Muena's Café

R. Rego Freitas, 570, região central, s/tel.

Angolan Kalengue Muena specializes in coffee from Africa that he brews and sells from a cart in the center of Rio de Janeiro. He prepares specialty coffee beans from his country, in a hot or cold version. The drink made with Mucua, the fruit of the baobab, which can be served as liquor or without alcohol.

Le Petit Village - Bar e Restaurante

Av Vieira de Carvalho, 184

Although Le Petit Village is just around the corner from Biyou´Z, its clientele is much different. Le Petit Village still attracts local Africans. With blue lights and dark lighting, the restaurant feels more like an African club than an African cultural experience, and that's a good thing. The restaurant and bar often host African entertainment at night.

La Lingueré

Av. Sao Joao, 563 Centro, Sao Paulo

La Lingueré is a Senegalese restaurant that specializes only in Senegalese food (Yes!). So there is every type of Thieb on the menu. Every plate on the menu is just 10 Reais ($2.70) and the servings are huge. That's a good enough reason to frequent this new African restaurant in the center of São Paulo.

Restaurante do Pastor

Barão de Limeira, 19, Centro

Restaurante do Pastor is run by a Nigerian man named Pastor. It's so new that there are no reviews, nor any mention of it on the Internet. But it exists as evidenced by the video below! Bitterleaf soup, Fufu and Red Sauce stew are on the menu. And for 15 reais ($4) a plate you can go home with leftovers. They even offer a free bottle of water for your meal.

Bonjour Brasil

Rua Lavapés, 202

This article is focused on African food, but there's some room for our brothers and sisters in the African Diaspora. Haitians moved to Brazil in mass after the 2010 earthquake. Bonjour Brasil is the only Haitian food restaurant in São Paulo. It was opened in 2016 by 36-year-old Jean René Veillard and it offers a daily all-you-can-eat buffet with Haitian food. One of the restaurant's specialties is dried meat with plantains, rice and salad. The restaurant is open for lunch and closes at 6pm.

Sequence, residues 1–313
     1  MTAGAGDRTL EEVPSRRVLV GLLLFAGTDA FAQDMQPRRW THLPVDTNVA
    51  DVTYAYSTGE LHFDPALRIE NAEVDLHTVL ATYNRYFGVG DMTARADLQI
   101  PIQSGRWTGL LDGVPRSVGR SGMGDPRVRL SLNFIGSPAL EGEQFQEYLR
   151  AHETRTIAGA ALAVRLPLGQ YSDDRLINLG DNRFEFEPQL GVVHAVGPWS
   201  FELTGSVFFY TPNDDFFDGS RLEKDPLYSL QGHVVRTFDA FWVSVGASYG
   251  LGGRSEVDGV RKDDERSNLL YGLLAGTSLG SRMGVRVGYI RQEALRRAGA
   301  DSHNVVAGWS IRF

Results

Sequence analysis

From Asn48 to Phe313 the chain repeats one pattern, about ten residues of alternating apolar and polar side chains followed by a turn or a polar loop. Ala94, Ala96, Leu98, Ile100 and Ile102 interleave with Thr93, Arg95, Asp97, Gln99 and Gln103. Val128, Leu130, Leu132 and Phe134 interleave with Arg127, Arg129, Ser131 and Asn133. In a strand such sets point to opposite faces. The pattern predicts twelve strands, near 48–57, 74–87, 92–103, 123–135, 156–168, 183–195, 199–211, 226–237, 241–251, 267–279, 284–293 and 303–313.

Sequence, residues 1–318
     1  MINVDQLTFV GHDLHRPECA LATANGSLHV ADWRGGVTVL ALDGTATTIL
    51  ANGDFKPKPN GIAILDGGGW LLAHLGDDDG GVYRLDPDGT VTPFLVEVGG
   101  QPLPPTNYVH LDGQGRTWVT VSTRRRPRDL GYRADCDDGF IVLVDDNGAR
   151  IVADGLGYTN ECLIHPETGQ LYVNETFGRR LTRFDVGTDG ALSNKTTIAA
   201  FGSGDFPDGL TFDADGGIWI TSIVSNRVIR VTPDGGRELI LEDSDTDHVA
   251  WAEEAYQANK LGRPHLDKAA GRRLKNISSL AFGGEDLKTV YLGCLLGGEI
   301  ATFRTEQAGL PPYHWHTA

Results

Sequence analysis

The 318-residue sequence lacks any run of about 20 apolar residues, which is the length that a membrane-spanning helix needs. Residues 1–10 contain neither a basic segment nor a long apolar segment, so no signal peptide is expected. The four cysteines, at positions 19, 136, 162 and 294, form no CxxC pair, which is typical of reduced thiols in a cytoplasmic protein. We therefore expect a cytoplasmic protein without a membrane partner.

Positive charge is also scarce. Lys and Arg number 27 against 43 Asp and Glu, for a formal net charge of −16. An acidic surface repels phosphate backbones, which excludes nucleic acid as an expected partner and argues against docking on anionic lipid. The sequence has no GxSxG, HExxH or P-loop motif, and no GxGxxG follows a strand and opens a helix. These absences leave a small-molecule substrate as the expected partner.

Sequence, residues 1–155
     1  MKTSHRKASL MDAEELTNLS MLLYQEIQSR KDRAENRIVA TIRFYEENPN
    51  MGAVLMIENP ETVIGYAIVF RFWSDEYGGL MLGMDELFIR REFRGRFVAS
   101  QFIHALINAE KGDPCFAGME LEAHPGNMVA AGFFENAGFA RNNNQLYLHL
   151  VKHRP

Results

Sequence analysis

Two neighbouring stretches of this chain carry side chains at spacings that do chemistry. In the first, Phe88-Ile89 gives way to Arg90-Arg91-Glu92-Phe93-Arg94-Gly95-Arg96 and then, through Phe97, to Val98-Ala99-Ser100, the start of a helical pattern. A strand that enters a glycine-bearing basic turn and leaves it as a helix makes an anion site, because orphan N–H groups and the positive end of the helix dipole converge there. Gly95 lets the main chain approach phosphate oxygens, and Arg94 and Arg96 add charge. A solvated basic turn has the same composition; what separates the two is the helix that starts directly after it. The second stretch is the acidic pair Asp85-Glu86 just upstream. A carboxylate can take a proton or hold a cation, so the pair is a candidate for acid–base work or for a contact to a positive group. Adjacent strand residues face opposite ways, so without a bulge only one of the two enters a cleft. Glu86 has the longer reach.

6 Samples From 'Éthiopiques' in Hip-Hop

A brief history of Ethio-jazz cultural exchange featuring songs by Nas & Damian Marley, K'naan, Madlib and more.

This article was originally published on OkayAfrica in March, 2017. We're republishing it here for our Crossroads series.

It's 2000 something. I'm holed up in my bedroom searching for samples to chop up on Fruity Loops. While deep into the free-market jungle of Amazon's suggested music section, I stumble across a compilation of Ethiopian music with faded pictures of nine guys jamming in white suit jackets. I press play on the 30 second sample.

My mind races with the opportunities these breakbeats offered a budding beat maker. Catchy organs, swinging horns, funky guitar riffs, soulful melodies and grainy and pained vocalists swoon over love lost and gained. Sung in my mother tongue—Amharic—this was a far cry from the corny synthesizer music of the 1990s that my parents played on Saturday mornings. I could actually sample this shit.

The next day, I burn a CD and pop it into my dad's car. His eyes light up when the first notes ooze out of the speakers. “Where did you get this?" He asks puzzlingly. “The internet," I respond smiling.

In the 1970s my dad was one of thousands of high school students in Addis Ababa protesting the monarchy. The protests eventually created instability which lead to a coup d'état. The monarchy was overthrown and a Marxist styled military junta composed of low ranking officers called the Derg came to power. The new regime subsequently banned music they deemed to be counter revolutionary. When the Derg came into power, Amha Eshete, a pioneering record producer and founder of Ahma Records, fled to the US and the master recordings of his label's tracks somehow ended up in a warehouse in Greece.